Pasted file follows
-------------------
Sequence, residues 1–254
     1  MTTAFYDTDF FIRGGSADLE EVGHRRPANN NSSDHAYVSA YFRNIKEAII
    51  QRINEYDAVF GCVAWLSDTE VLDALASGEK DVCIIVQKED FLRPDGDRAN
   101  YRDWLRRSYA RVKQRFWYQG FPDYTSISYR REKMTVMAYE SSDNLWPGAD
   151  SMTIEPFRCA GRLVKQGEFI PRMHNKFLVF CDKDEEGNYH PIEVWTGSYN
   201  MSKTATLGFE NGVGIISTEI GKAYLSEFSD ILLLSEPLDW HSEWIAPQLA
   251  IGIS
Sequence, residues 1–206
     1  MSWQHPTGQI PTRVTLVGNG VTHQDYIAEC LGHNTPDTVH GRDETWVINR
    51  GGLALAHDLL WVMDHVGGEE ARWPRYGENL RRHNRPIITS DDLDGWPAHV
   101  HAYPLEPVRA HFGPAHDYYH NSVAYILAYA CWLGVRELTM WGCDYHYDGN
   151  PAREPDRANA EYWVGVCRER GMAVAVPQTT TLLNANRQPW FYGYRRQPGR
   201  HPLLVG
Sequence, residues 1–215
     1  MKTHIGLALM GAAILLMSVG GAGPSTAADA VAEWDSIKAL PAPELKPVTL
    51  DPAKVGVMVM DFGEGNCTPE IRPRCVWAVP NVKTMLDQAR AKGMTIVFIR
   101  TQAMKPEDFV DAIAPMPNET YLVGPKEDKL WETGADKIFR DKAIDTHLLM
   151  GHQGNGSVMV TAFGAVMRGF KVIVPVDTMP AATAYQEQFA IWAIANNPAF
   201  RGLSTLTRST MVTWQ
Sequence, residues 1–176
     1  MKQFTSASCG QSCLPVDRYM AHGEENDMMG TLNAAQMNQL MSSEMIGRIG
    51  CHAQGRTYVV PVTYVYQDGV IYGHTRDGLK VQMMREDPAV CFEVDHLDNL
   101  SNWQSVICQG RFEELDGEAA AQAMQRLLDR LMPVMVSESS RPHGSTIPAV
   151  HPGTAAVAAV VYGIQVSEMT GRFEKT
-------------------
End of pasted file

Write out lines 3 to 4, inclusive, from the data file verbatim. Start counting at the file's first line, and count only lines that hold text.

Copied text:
    51  QRINEYDAVF GCVAWLSDTE VLDALASGEK DVCIIVQKED FLRPDGDRAN
   101  YRDWLRRSYA RVKQRFWYQG FPDYTSISYR REKMTVMAYE SSDNLWPGAD